LGBT+ workers, and in particular trans workers, experience higher levels of conflict and lower job satisfaction at work, a new report revealed.
More than half (55%) of trans workers surveyed said they had experienced conflict over a 12-month period and at least 50% of these conflicts were unresolved, according to research by by professional body for HR and people development CIPD.
“Conflicts typically involve being undermined/ humiliated or discriminatory behaviour aimed at a protected characteristic,” the report noted.
Around 12% of trans workers said they have experienced unwanted sexual attention at work and 2% have experienced sexual assault.
Trans workers were also least likely to feel psychologically safe at work, which means they feel they are not accepted, valued or able to voice concerns.
Just over 50% of trans workers reported feeling ‘somewhat to very satisfied’ with their job and a third (33%) said they felt ‘somewhat to very dissatisfied’.
Meanwhile the report said over 40% of LGB+ workers experienced a conflict at work over a 12-month period, compared with 29% of heterosexual workers.
LGB+ and heterosexual workers reported similar job satisfaction levels with around 66% of both groups saying they felt ‘somewhat to very satisfied’ at work.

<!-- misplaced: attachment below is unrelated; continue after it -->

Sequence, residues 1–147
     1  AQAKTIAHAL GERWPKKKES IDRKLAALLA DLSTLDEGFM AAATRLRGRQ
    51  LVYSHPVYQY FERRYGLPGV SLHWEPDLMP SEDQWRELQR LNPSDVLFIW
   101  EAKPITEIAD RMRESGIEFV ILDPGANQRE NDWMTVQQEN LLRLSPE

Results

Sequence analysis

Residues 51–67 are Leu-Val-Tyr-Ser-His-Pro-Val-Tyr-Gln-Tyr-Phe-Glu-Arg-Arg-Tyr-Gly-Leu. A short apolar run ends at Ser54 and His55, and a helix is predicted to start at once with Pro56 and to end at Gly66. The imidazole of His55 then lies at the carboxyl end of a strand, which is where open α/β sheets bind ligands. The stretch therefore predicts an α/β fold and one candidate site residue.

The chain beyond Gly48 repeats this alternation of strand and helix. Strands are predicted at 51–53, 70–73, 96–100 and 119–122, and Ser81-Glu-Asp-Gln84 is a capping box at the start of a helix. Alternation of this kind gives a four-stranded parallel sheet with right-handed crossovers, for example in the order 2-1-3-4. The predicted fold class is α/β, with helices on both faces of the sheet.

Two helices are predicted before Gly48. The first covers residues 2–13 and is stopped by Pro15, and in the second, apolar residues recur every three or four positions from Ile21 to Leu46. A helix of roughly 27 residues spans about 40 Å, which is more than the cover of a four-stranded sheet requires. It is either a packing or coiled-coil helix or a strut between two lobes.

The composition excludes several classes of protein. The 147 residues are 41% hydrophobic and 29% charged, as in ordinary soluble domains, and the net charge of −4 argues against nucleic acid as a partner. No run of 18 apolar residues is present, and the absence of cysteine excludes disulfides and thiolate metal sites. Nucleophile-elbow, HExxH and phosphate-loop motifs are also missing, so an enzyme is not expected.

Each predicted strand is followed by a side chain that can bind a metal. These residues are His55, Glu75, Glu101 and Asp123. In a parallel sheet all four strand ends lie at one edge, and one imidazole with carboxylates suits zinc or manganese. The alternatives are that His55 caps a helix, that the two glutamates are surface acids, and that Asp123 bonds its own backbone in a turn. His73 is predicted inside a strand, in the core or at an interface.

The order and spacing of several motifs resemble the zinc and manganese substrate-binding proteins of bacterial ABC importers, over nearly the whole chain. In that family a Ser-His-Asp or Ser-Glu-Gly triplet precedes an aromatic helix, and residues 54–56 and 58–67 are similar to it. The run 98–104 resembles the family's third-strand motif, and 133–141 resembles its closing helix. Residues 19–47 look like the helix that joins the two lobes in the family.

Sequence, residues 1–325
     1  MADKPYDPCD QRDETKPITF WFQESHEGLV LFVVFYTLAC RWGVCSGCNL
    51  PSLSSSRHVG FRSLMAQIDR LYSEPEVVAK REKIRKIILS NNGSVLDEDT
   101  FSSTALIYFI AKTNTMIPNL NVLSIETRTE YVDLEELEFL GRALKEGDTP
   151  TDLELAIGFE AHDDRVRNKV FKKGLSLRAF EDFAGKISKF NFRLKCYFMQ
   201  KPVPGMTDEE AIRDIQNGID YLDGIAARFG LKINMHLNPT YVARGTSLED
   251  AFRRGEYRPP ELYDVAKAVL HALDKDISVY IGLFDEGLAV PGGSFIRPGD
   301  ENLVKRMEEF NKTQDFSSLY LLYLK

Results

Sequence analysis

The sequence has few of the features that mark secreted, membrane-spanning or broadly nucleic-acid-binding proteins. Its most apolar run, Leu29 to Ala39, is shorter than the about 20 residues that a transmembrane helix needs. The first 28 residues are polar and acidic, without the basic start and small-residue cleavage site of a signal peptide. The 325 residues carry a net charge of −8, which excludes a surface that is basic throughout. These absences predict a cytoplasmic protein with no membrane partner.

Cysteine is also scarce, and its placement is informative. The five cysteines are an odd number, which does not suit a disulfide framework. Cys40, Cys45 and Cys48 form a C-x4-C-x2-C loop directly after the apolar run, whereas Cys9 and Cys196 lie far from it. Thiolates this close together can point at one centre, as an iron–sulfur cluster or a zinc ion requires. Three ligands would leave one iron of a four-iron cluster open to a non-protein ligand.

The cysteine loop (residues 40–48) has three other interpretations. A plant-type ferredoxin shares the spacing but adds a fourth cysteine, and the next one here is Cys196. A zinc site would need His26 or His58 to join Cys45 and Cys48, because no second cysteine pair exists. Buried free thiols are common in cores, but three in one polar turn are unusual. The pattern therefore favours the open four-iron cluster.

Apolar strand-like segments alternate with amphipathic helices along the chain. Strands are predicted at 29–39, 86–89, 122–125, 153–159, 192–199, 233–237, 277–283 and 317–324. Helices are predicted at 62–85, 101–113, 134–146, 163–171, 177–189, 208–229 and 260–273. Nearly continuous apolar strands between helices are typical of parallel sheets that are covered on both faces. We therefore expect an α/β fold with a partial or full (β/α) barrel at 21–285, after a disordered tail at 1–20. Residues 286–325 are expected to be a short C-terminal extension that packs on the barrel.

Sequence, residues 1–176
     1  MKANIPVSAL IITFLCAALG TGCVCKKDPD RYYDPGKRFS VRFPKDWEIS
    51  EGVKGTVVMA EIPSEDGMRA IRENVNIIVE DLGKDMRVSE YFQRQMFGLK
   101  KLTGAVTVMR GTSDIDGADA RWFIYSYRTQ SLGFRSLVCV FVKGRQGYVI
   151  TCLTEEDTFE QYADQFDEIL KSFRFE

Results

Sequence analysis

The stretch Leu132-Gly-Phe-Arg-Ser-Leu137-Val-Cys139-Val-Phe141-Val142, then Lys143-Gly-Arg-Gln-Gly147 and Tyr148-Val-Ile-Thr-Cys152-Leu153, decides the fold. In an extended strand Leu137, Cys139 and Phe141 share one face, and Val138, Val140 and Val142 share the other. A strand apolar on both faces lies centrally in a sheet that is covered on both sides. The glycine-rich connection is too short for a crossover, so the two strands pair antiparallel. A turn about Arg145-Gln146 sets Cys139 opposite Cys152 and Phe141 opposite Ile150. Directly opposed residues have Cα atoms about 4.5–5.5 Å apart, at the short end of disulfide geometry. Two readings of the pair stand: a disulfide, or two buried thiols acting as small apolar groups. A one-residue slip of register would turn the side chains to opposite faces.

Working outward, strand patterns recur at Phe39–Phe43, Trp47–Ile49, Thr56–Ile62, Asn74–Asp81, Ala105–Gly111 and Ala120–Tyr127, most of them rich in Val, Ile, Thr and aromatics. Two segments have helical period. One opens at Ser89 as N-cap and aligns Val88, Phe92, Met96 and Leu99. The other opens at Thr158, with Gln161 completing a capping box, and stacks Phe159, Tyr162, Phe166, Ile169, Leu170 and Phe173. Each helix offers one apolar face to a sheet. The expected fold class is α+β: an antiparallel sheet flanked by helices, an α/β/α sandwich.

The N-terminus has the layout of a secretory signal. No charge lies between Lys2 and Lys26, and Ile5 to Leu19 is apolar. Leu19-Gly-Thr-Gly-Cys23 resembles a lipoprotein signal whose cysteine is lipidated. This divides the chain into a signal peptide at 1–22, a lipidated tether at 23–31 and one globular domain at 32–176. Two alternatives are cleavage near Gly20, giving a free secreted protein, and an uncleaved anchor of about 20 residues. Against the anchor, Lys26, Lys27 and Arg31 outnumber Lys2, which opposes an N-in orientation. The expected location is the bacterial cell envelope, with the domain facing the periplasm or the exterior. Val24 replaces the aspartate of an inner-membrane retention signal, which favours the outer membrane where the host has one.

However, a slightly higher proportion of LGB+ workers felt ‘somewhat to very dissatisfied’ with their job (19%), compared with heterosexual workers (15%).
The report draws on data from the CIPD’s UK Working Lives Survey and a separate survey of trans workers, hence the use of LGB+ rather than LGBT in the findings.
Melanie Green, research adviser for the CIPD, noted that “everyone has the right to feel safe, to be themselves and to flourish at work. Employers must do more to support these groups and create inclusive cultures that have zero tolerance of bullying and harassment of any kind.”
The CIPD said it is calling for employers to create inclusive workplaces, recognise the specific needs of groups within the LGBT+ spectrum and eradicate discrimination and harassment.
“When creating inclusive practices, employers must recognise the unique challenges faced by LGBT+ workers. For instance, recognising that a lesbian will face very different challenges to a trans person at work,” said Green.
The report also recommends employers ensure LGBT+ staff have voice mechanisms and feel safe using them to highlight problems.
It also said there is a need to train line managers to understand particular concerns and challenges faced by LGBT+ workers.
Luke Fletcher, associate professor at the University of Bath’s School of Management, and co-author of the report, noted that during the pandemic “we’ve seen a lot of blanket changes come into place to protect employee wellbeing but businesses must also think about how best to adapt broader policies and practices to specific minority groups such as those within the LGBT+ spectrum.”
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